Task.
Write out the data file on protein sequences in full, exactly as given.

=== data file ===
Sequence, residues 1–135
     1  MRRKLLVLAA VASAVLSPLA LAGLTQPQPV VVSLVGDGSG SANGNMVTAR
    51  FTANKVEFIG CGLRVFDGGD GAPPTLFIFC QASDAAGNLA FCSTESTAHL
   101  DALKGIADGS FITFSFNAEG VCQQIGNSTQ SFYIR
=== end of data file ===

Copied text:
Sequence, residues 1–135
     1  MRRKLLVLAA VASAVLSPLA LAGLTQPQPV VVSLVGDGSG SANGNMVTAR
    51  FTANKVEFIG CGLRVFDGGD GAPPTLFIFC QASDAAGNLA FCSTESTAHL
   101  DALKGIADGS FITFSFNAEG VCQQIGNSTQ SFYIR